Bad Things To Say To The Grieving

I can already feel my blood boiling as I begin to compose this blog today.

Although, I do want to add that I don't think people really mean to upset someone with their words - they are just trying to help, and they mean well, it's just that the words can be a little thoughtless and insensitive to someone.

What matters most is the impact these words have on someone who is grieving, that's where my focus sits today, and why this sort of post makes me feel quite sad really, as I've been the recipient of some of these hurtful phrases.

It is very important to remember that people just don't understand. Out there in the muggle world of non widowed humans, they don't know the heartache that comes with losing someone they loved in the way that we do. I am glad they don't, because if they don't understand, it means they haven't hurt like we have.

When I've had these things said to me, I've always responded with a smart ass reply, because I just can't help it. I have had many people say to me, that it's time I found someone else (even at his funeral.....!) and I always reply, no, I don't need someone else, I already have someone to love, but sadly, he's dead. A bit harsh, but it does get the message across.

I have also argued back against stupid statements, like, at least he's not in pain now. I hate that. How do you actually know that? What if he's as tortured soul who took his illness and pain with him in whatever plain he went to next? He's not in pain, but I am, for ever and always now. It's heartbreaking.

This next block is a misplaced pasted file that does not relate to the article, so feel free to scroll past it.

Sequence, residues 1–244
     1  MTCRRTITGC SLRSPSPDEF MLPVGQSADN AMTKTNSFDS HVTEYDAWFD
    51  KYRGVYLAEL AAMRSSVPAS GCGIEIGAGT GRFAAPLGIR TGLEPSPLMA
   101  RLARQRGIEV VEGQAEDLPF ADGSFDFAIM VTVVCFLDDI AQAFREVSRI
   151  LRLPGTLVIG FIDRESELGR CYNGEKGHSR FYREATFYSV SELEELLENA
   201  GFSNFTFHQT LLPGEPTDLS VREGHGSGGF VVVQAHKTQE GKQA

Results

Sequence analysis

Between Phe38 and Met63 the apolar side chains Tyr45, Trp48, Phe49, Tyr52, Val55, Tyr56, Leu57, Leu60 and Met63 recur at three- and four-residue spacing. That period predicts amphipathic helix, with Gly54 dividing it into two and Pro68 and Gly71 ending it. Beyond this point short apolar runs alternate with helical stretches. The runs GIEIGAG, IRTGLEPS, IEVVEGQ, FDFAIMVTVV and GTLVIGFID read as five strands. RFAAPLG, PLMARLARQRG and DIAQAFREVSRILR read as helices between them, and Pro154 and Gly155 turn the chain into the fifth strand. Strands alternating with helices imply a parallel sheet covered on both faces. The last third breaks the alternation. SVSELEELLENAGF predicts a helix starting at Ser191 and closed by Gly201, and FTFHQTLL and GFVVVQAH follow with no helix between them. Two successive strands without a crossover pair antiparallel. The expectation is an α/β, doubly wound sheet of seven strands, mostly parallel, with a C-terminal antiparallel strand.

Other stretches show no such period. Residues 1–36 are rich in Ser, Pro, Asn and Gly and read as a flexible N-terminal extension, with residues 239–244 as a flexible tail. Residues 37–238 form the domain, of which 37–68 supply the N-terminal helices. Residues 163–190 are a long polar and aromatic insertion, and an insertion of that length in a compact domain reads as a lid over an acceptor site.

All that said, try to understand that the words weren't spoken to hurt us, they were spoken to try to help and soothe us. If you have anyone who might benefit from some support in what to say going forward, point them to the section below.....

The Worst Things to Say to Someone in Grief

1. At least she lived a long life, many people die young 2. He is in a better place 3. She brought this on herself 4. There is a reason for everything 5. Aren’t you over him yet, he has been dead for awhile now 6. You can have another child still 7. She was such a good person God wanted her to be with him 8. I know how you feel 9. She did what she came here to do and it was her time to go 10. Be strong. This is the one I hate the most.

This list was taken from David Kessler's website,

It is not exhaustive by any stretch of the imagination, but this gives you an idea of things that are said. I am sure you have your own experience of cruel words too.

Helping Others Understand

Hello lovely friend. I'm really glad you're reading this part, as this is for you, the helper, the supporter, the rock of someone who is grieving and really hurting.

I think it's really important to first state that grieving is really horrible. It messes you up in all sorts of ways, you worry that you're not doing it right, that you're healing too slowly, too quickly, you feel afraid for your own life and mortality, and those around you, you feel guilt because you're still alive, you feel guilt because you feel you should have done things differently and they might still be alive if you'd taken a different action. You feel angry, you might know why, or you might not.